Summary: We discuss teaching writing, teaching science, and how to create classrooms in which students use writing to learn and think scientifically with Kim Jaxon and Leslie Atkins Elliott, authors of the new book Composing Science. Kim and Leslie talk about concrete approaches for engaging students in practices that mirror the work that writing plays in the development and dissemination of scientific ideas, rather than replicating the polished academic writing of research scientists. They also address a range of genres that can help students deepen their scientific reasoning and inquiry.
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Leslie Atkins Elliott on using the ubiquitous scientific notebook the way scientists use it:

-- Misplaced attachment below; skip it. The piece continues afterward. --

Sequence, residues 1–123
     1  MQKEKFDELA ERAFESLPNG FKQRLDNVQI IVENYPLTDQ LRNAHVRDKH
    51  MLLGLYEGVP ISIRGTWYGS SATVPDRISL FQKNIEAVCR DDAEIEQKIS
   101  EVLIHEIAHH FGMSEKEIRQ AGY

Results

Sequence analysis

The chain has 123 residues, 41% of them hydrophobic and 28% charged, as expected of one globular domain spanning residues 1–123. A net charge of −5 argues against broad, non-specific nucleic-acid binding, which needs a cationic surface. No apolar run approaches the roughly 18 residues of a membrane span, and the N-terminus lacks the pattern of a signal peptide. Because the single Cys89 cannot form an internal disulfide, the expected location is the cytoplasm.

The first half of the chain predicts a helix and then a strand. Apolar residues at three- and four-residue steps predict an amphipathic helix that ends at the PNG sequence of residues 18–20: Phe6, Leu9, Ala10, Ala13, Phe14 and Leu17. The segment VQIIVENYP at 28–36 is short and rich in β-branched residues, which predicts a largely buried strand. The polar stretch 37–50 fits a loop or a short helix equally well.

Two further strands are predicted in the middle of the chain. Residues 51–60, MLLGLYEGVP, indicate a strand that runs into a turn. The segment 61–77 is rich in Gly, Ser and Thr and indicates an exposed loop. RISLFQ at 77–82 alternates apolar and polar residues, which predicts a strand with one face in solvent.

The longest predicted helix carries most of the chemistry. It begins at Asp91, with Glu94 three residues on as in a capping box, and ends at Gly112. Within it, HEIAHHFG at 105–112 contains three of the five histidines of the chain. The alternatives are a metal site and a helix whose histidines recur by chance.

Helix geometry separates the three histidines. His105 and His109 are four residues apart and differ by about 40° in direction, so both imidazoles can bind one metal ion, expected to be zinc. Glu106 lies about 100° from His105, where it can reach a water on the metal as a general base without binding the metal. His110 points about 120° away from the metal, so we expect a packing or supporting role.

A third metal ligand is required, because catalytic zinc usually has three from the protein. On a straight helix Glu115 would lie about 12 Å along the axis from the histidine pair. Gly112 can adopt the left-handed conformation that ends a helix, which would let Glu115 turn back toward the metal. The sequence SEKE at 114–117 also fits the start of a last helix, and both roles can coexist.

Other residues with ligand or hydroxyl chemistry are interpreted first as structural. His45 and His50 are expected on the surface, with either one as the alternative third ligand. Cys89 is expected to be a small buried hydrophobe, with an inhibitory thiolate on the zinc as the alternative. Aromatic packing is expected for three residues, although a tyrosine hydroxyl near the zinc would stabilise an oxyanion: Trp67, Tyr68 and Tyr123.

For me, when I was in K12 and perhaps even beyond, they were very formulaic. You would need to start with your hypothesis and then list your materials, and then take your notes, and it was pretty rigid in what had to be in there, which is not what scientists’ notebooks look like. It’s pretty easy online now to find examples of really famous scientists’ fascinating notebooks. One of my favorites is Linus Pauling who, he’s scribbling in the middle of the night saying how he’s been thinking about this problem forever and it just came to him that he’s been doing it all wrong and now he has to go back and change the last few weeks of work, and how excited he is….Students are often surprised to see this…to see that they’re not following any kind of rigid procedures….So we start by showing students what scientists’ notebooks look like, and then develop our own rubrics for our own notebooks out of that. The idea is I want to be able to look at your notebook and know you were doing science, what should then we be looking for in your notebook.”